# and `/usr/share/doc/mbr/'.
# | !! Reminder !! |
# | |
# | Don't forget to run `lilo' after you make changes to this |
# | conffile, `/boot/bootmess.txt', or install a new kernel. The |
# | computer will most likely fail to boot if a kernel-image |
# | post-install script or you don't remember to run `lilo'. |
# | |
# Support LBA for large hard disks.
# Overrides the default mapping between harddisk names and the BIOS'
# harddisk order. Use with caution.
# Specifies the boot device. This is where Lilo installs its boot
# block. It can be either a partition, or the raw device, in which
# case it installs in the MBR, and will overwrite the current MBR.
# Specifies the device that should be mounted as root. (`/')
# Enable map compaction:
# Tries to merge read requests for adjacent sectors into a single
# read request. This drastically reduces load time and keeps the
# map smaller. Using `compact' is especially recommended when
# booting from a floppy disk. It is disabled here by default
# because it doesn't always work.
# Installs the specified file as the new boot sector
# You have the choice between: bmp, compat, menu and text
# Look in /boot/ and in lilo.conf(5) manpage for details
# Specifies the location of the map file
# You can set a password here, and uncomment the `restricted' lines
# in the image definitions below to make it so that a password must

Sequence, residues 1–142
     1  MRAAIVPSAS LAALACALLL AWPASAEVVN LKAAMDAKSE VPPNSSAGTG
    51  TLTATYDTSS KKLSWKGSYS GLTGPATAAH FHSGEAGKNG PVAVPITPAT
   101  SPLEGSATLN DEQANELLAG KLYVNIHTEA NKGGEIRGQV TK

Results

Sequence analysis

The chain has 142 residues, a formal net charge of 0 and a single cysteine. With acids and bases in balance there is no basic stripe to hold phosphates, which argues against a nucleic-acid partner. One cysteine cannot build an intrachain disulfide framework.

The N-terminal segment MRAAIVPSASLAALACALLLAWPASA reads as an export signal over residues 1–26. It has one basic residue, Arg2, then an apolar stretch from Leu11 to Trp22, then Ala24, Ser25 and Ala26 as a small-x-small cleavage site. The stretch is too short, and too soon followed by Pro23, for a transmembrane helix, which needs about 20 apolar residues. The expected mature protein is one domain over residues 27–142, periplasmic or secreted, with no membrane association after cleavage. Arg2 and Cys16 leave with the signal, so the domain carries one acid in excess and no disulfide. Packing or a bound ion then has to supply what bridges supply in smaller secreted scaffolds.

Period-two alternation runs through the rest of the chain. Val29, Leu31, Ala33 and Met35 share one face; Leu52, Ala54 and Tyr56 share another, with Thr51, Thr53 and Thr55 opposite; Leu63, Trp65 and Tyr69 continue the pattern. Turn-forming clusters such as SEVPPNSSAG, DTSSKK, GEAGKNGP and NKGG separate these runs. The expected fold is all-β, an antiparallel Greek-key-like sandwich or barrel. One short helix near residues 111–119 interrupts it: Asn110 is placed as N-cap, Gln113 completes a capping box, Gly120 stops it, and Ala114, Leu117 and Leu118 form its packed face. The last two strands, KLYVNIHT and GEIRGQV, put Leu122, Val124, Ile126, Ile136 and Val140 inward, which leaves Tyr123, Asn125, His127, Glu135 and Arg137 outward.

# be typed to boot anything but a default configuration. If a
# command line is given, other than one specified by an `append'
# statement in `lilo.conf', the password will be required, but a
# standard default boot will not require one.
# This will, for instance, prevent anyone with access to the
# console from booting with something like `Linux init=/bin/sh',
# and thus becoming `root' without proper authorization.
# Note that if you really need this type of security, you will
# likely also want to use `install-mbr' to reconfigure the MBR
# program, as well as set up your BIOS to disallow booting from
# removable disk or CD-ROM, then put a password on getting into the
# BIOS configuration as well. Please RTFM `install-mbr(8)'.
# Specifies the number of deciseconds (0.1 seconds) LILO should
# wait before booting the first image.
# You can put a customized boot message up if you like. If you use
# `prompt', and this computer may need to reboot unattended, you
# must specify a `timeout', or it will sit there forever waiting
# for a keypress. `single-key' goes with the `alias' lines in the
# `image' configurations below. eg: You can press `1' to boot
# `Linux', `2' to boot `LinuxOLD', if you uncomment the `alias'.
# Kernel command line options that apply to all installed images go
# here. See: The `boot-prompt-HOWO' and `kernel-parameters.txt' in
# the Linux kernel `Documentation' directory.
append="hda=scsi hdb=scsi hdc=scsi hdd=scsi hde=scsi hdf=scsi hdg=scsi hdh=scsi noapic acpi=off apm=power-off"
# Boot up Linux by default.
# If you have another OS on this machine to boot, you can uncomment the
# following lines, changing the device name on the `other' line to
# where your other OS' partition is.